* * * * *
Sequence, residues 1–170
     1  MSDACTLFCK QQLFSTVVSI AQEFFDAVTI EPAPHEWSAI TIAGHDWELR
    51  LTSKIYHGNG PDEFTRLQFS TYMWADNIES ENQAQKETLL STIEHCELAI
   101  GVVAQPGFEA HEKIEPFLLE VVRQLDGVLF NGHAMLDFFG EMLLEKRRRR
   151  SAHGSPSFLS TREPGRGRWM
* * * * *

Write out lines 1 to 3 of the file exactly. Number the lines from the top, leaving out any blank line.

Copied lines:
Sequence, residues 1–170
     1  MSDACTLFCK QQLFSTVVSI AQEFFDAVTI EPAPHEWSAI TIAGHDWELR
    51  LTSKIYHGNG PDEFTRLQFS TYMWADNIES ENQAQKETLL STIEHCELAI